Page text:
This morning, I spent my first cup of coffee reading this piece from The Atlantic, in which author David H. Freedman discusses the problems associated with prescribing the “wholesome food solution” as a cure for America’s obesity epidemic. It’s a two-fold problem, really. First, many foods touted as “healthy” may not be as saintly as they seem. Fried kale chips? 300-calorie fruit juices? Not great. But the more important part of the problem is the cold, hard truth of the obesity epidemic: no matter how much healthier it is to eat whole foods, some people are still going to eat junk food.
Sadly, based on many of the comments, some people don’t seem to be getting the point at all! Commentator after commentator lambastes Freedman as being a paid shill for the Big Bad Food Industry. They think he’s saying that fast food is healthy and that healthy food is a waste of money.
No, people. That’s not it at all! “How hard is it to put a piece of fruit in a bag?” one commentator sneers. Well, it depends. Do you already have the apple? For thousands of people living in the food deserts of America, obtaining healthy food is work that requires already scarce money and time. “It only takes 10 minutes to make a smoothie from scratch,” another commentator chimes in. Well, sure. If you already have blueberries and pomegranates and yogurt in your home. Oh, and also a blender. And a reusable to-go cup. And don’t forget a kitchen.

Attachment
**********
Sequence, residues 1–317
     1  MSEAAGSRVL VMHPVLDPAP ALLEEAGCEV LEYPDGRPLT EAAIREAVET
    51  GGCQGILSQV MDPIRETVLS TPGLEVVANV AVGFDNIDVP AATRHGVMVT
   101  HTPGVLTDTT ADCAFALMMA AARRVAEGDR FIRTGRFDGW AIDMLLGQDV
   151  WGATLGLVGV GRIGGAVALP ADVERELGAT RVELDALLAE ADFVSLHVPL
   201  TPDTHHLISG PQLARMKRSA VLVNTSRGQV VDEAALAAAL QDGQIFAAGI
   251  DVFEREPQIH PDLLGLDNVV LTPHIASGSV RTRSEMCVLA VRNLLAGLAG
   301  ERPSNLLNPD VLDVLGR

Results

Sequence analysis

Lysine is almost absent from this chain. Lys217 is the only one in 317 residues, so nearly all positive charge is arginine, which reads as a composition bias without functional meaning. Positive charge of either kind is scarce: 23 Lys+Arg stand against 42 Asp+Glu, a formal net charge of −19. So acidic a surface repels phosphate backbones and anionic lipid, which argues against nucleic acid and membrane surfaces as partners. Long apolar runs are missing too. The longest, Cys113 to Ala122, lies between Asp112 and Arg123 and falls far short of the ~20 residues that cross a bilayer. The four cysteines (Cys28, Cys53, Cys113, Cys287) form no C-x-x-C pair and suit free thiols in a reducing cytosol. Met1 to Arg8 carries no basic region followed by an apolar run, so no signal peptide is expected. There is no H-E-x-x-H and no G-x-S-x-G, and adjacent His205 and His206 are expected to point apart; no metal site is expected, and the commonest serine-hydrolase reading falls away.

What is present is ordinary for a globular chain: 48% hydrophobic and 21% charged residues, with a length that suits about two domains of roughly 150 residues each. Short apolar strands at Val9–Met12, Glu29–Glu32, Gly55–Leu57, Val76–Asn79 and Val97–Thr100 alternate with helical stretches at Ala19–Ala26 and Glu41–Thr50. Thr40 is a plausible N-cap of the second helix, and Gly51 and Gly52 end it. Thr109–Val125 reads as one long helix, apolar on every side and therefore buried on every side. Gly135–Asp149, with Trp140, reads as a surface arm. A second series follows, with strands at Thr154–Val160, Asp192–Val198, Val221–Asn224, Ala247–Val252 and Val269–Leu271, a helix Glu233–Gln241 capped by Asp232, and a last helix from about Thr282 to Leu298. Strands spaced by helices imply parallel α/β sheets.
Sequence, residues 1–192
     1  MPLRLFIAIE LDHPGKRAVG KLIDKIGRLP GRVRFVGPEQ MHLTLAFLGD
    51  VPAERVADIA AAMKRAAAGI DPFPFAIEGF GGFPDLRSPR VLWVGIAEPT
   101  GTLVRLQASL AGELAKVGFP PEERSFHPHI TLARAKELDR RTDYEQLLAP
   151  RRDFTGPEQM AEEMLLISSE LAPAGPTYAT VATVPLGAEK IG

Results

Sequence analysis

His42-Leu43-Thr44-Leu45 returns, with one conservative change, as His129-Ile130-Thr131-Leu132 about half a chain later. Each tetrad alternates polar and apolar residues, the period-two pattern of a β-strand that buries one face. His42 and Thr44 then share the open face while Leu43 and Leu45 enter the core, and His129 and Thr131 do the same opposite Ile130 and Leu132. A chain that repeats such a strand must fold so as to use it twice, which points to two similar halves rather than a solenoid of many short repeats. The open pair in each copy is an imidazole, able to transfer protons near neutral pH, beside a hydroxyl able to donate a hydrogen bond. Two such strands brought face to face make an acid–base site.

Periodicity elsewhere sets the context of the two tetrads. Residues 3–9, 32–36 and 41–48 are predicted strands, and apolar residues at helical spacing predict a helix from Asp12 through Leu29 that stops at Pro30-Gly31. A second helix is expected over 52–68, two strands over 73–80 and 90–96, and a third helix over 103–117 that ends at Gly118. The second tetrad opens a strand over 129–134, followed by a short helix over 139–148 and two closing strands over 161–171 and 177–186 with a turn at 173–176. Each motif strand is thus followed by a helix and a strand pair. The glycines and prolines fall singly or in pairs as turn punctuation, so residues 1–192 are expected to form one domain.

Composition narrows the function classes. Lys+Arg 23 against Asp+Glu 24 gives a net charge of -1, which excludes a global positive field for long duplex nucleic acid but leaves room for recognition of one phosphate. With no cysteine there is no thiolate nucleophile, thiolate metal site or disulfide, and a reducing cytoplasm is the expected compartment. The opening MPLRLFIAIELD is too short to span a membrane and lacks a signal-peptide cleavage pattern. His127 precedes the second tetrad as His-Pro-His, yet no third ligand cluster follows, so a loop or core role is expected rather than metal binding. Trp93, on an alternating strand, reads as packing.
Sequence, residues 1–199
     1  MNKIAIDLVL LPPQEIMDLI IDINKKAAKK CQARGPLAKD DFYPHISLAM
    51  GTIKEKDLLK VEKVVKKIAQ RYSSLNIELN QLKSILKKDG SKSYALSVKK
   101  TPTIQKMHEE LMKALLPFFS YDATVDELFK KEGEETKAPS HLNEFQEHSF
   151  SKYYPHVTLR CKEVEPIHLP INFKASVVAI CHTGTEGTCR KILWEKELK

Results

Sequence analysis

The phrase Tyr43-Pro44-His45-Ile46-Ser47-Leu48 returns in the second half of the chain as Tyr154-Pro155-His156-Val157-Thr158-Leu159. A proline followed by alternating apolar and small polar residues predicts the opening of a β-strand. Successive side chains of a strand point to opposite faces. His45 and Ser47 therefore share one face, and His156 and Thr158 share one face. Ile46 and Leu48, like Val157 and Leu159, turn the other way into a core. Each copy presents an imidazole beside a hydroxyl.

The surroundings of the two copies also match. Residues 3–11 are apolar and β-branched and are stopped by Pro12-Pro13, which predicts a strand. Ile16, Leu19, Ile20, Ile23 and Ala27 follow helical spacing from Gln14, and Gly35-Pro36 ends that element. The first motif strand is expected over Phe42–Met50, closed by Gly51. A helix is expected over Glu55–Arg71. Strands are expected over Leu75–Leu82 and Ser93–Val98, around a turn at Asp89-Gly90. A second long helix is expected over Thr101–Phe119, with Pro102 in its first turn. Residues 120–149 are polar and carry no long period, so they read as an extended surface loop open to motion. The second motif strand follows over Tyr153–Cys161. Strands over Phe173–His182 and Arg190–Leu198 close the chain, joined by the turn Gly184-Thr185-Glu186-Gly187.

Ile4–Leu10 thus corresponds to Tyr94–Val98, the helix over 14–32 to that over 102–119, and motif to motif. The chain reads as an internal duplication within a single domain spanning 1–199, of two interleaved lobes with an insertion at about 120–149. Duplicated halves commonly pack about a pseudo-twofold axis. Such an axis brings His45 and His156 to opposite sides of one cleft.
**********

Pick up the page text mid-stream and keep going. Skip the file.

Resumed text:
As Freedman – maybe too eloquently – says, “The pernicious sleight of hand is in willfully confusing what might benefit them—small, elite minority that they are—with what would help most of society.”
So here’s the thing: People are gonna keep eating Big Macs. I don’t eat them, and maybe you don’t either – but the numbers don’t lie. Huge numbers of people are going to continue to eat huge numbers of Big Macs – no matter how many times you tell them to go eat a piece of broccoli. So let’s try a different tactic – let’s make the Big Mac just a little bit healthier.
So, the question isn’t whether an apple is healthier than a cheeseburger. The real question is: What’s healthier? A full-fat Big Mac or one with 100 fewer calories? For those of us who never eat fast food, the question doesn’t really matter, does it? But for the millions of obese Americans who eat (and enjoy!) fast food on a regular basis, it could be a radical change.
Now, I’m off to enjoy a bowl of whole-wheat couscous with organic tomatoes and fresh herbs from my garden…even though a cheeseburger does sound delicious right about now.